highest priced Smartphone on the market which achieved a higher operating income but
lower market share than Samsung. There is a cluster of Smartphones at the lower end of the
global market share and a number of these are making a loss. Nokia, who are investing
heavily in research and development, have the biggest loss (Hughes, 2013) combined with
lower marker share therefore making them less of a direct competitor for Samsung.
Porters Generic Strategies, Bowmans strategy clock and strategic mapping have all placed
Samsung in a highly competitive position and conclude their Smartphones are one of the best
performing in terms of sales, perceived value and strategy. Samsung Galaxy Smartphones
main strategy is differentiation, the preferred strategy for the majority of Samsungs
competitors, to appeal to the dynamic markets demand. From the analysis conducted Apple
appears to be their strongest competitor.

3 The Effects of the Key External Drivers of Change on Samsung


3.1 PESTLE

PESTLE Analysis of Samsung Galaxy Smartphones


Political

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Foreign Trade: Samsung is a multinational organisation and the


majority of its Smartphone trade happens outside the domestic
country, South Korea (Yarow, 2013). The US contributes
considerably to the Smartphone market and after Samsung was
found guilty of infringing two of Apples patents, resulting in the
US International Trade Commission ordering a ban on some
Galaxy Smartphones being imported (Kendall and Clark, 2013)
Samsung had to alter their design to avoid further infringement and
their ability to trade within the US. Samsungs competitors have

Economical

Socio-Cultural

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faced similar problems, for example HTC having a ban in place in


the UK (Curtis, 2013) and Apple facing potential bans in Russia
and South Korea (RT, 2013; Kerr, 2013).
Employment Laws: Rules regarding employment differ from
country to country which can cause difficulties for multinational
organisations between domestic laws and adapting the host
countrys laws (Taft, 2013). Samsung was recently taken to court as
they were breaking employment laws in Brazil (Grainger, 2013)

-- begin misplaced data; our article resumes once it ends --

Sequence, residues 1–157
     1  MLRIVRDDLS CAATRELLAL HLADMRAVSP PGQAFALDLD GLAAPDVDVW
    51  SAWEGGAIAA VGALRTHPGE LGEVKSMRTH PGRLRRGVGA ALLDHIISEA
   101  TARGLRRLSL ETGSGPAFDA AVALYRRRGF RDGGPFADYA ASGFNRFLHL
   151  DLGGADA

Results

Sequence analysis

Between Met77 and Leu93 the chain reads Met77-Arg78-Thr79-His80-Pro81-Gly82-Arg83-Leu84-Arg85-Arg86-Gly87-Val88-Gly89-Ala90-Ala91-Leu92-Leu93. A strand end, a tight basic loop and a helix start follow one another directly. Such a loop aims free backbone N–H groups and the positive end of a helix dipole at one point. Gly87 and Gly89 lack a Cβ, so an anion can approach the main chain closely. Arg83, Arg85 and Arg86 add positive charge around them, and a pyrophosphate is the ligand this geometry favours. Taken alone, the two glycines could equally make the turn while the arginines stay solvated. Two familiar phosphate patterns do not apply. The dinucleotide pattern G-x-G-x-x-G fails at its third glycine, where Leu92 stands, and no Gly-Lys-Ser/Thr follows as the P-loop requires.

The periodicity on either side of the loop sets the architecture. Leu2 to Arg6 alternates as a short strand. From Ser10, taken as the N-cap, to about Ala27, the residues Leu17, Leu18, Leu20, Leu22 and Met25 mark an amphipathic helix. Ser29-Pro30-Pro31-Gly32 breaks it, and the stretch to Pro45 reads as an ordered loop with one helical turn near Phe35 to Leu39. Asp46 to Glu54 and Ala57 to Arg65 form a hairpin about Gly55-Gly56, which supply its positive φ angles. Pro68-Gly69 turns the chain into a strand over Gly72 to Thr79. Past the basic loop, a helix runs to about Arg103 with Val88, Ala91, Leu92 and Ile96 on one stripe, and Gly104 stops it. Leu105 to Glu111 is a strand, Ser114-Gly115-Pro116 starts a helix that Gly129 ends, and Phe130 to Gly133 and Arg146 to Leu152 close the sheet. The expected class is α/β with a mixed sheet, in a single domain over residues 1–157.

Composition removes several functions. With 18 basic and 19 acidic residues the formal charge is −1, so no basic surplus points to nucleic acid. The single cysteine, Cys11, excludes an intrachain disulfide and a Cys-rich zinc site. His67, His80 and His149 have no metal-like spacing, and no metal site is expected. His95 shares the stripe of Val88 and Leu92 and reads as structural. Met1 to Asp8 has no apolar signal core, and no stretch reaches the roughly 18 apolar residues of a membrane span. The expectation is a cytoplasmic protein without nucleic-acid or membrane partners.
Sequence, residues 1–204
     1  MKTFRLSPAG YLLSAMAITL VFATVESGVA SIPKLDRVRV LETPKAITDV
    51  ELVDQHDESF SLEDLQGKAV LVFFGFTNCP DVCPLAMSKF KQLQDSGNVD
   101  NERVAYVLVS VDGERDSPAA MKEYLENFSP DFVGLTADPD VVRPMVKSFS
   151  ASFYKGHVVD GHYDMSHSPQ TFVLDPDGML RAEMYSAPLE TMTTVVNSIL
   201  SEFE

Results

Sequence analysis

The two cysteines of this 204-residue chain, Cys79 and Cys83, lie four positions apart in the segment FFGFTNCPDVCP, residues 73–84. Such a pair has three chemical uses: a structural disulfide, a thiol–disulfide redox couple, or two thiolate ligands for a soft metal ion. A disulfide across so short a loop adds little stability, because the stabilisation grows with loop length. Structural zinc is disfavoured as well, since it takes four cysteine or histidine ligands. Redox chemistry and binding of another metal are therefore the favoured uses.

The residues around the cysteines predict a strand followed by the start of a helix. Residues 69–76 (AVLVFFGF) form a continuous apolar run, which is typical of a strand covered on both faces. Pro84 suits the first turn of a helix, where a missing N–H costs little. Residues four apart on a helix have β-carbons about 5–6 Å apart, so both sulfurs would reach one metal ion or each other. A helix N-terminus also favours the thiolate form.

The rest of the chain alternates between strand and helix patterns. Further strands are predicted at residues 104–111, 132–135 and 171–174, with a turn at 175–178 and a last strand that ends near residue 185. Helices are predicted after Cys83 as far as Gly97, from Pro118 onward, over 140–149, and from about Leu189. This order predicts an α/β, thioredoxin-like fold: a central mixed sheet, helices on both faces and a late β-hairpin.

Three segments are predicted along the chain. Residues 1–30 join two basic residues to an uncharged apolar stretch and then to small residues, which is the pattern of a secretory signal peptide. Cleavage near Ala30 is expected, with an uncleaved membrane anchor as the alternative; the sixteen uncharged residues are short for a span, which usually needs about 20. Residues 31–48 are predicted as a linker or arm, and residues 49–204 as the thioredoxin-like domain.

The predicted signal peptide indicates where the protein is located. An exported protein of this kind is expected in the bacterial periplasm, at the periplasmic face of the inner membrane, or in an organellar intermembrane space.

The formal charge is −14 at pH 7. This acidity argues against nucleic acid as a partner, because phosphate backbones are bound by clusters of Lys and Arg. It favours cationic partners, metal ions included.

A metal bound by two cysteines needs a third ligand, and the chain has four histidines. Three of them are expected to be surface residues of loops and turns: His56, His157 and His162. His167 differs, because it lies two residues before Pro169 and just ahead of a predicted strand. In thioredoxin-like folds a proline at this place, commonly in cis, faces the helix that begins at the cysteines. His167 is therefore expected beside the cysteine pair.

where they are being sued for a large amount of money and also
damaging to their reputation. Samsung have a policy for Labour
and Human Rights which, in this case, contradicts the standards set
out in the policy (Samsung, 2014d). Samsung have had to revisit
their policies and ensure that all parts of the business abide by them
to regain their reputation. Competitors have faced similar issues
regarding employment laws and Apple has faced lawsuits alleging
discrimination against race and sex (Rogers, 2012).
Government Stability: South Korean Government is considered to
be the most stable within the emerging markets (Arirang News,
2013). South Korea has seen growth in all industries, especially
technology and Samsung has grown alongside it. Samsung has
maintained the majority of its operations in South Korea whose
economy has started to rely heavily on Samsung, especially with
recent sales success (The Economist, 2011). The USA Government
does not rely on Apples Smartphone sales in the same way that
South Korea does. Other Smartphone manufacturers are not relied
on in their domestic countries because their sales are not as high as
Samsung or Apples (Kovach, 2013).
Inflation: Technology is now included when calculating inflation
rates. Tablets such as the Samsung Galaxy Note have been added to
the basket of goods and services to calculate inflation (Warman,
2012). This supports the notion that todays society is becoming
more reliant on technology and there is a huge demand for the same
technology to be available worldwide.
Taxation: Corporation tax differs from country to country. South
Koreas corporation tax is 24% whereas the US is 40%. (KPMG,
2013). Samsungs decision to remain in South Korea could have
been down to the lower taxation rate however, several Samsung
executives and chairman were forced to step down because of
several tax evasion scandals (McNeill and Kirk, 2013). This
damages the organisations reputation and has been widely
criticised in the media for not helping the local community as part
of their Corporate Social Responsibility. Both Apple and Nokia